The regulation of important signal molecules that are critical for the formation of various cell types can be influenced by a chemically produced variant of indirubin, a natural material used in traditional Chinese medicine. This was shown by scientists from Heidelberg University, Kaiserslautern and Jena.
The researchers were also able to demonstrate for the first time that these signal molecules in the cell – regulatory SMAD proteins – are not only controlled through regulation of their activation but also through the available quantity of signal molecules in the non-activated state. Because cellular differentiation as well as tumour growth are tied to these processes, the studies suggest a new approach for both the preparation of induced pluripotent stem cells and the development of tumour treatments. The results of the research were published in the journal “Chemistry & Biology”.
Cellular differentiation decides which functions can be assumed and carried out by cells in the body. Their precise regulation has a decisive influence on embryonic development and later also plays an essential role in maintaining the activity of organs. After toxic damage, among other things, it is important that cells can react appropriately to limit damage and regenerate the tissue. This requires close communication between the cells, which is controlled by numerous signal molecules. “Only when all the parts of a signal path are present, cells can react to the signals from the environment with a coordinated programme. If one of these components is missing, the proper cellular response is inhibited”, explains Prof. Dr. Stefan Wölfl from Heidelberg University's Institute of Pharmacy and Molecular Biotechnology.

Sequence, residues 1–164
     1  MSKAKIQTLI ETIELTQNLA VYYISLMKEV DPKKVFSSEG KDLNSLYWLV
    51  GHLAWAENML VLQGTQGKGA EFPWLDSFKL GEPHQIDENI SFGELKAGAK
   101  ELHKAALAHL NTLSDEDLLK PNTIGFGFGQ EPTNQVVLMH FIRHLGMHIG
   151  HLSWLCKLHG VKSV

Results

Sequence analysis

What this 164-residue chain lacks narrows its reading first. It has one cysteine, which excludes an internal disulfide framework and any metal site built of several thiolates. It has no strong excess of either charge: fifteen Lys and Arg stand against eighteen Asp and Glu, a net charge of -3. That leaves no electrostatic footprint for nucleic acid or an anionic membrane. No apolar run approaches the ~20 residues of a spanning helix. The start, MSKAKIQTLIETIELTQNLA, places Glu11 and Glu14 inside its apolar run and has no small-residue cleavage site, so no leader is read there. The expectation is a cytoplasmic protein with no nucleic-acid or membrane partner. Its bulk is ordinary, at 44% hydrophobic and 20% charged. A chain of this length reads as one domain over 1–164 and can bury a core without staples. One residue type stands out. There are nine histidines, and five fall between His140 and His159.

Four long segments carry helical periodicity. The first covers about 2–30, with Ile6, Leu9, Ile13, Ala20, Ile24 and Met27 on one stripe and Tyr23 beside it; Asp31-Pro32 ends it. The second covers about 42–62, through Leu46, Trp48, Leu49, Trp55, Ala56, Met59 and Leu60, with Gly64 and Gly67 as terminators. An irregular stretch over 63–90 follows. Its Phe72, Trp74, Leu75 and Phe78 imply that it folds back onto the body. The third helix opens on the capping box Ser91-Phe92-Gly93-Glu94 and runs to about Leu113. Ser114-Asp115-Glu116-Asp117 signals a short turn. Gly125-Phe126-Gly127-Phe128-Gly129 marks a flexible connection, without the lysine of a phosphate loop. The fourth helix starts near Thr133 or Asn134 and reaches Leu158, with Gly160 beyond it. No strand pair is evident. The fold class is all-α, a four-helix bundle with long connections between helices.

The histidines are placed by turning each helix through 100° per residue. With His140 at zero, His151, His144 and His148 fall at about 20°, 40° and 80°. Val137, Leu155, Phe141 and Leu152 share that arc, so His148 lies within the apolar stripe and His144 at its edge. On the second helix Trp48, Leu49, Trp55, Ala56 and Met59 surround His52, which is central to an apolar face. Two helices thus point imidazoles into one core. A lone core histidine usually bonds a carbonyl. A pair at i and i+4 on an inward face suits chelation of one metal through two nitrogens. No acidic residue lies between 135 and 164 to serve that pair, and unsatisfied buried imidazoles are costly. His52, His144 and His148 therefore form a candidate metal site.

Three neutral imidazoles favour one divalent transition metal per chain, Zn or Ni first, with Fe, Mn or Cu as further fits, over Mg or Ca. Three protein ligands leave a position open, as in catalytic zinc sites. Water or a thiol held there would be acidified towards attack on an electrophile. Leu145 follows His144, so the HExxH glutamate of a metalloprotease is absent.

How cellular differentiation is controlled during embryonic development and in the mature organism significantly depends on the family of TGFß/BMP growth factors. Representatives of these specific signal molecules also participate in the genesis and development of tumour diseases. Through their work, the researchers have demonstrated that the cells themselves influence how sensitively they react to growth factor signals. This occurs through the availability of the complementary signal mediators within the cell adapting to the given situation. The amount of available regulatory SMAD proteins (R-Smad proteins) in the cell is controlled on the level of synthesis, but in particular through the control of their degradation. This is performed by a special control system present in every cell. This ubiquitin proteasome system makes it possible for cellular proteins to be degraded in a controlled manner.
Earlier research already demonstrated that the degradation of activated R-Smad proteins occurs through the ubiquitin proteasome system, resulting in termination of the signals. “Our results now prove that the reservoir of non-activated R-SMAD signal mediators is also strictly controlled. This prevents corresponding external signals from activating an internal programme”, says Prof. Wölfl. “For example, if growing tumour cells are dependent on this signal, these cells could be kept from surviving and cell death may even occur if the signal mediators could be deliberately removed.” According to Prof. Wölfl, R-Smad proteins are also important mediators in cellular differentiation. “Reducing or removing these signal mediators from stem cells would cause them to no longer react to differentiation signals, so they would retain their stem cell properties as a result.”
In their experiments, the researchers worked with a variant of the natural product indirubin that they chemically synthesised. The studies showed that the indirubin derivative led to a degradation of the R-Smad proteins in human cells. Thus, the signals transmitted by the TGFß/BMP growth factors are blocked. In this procedure, the indirubin variant intervenes in various processes that all contribute to depleting the concentration of R-Smad proteins in the cell. In particular, the activity of specific regulating enzymes called ubiquitin proteases is diminished, which protect proteins from degradation in the ubiquitin proteasome system.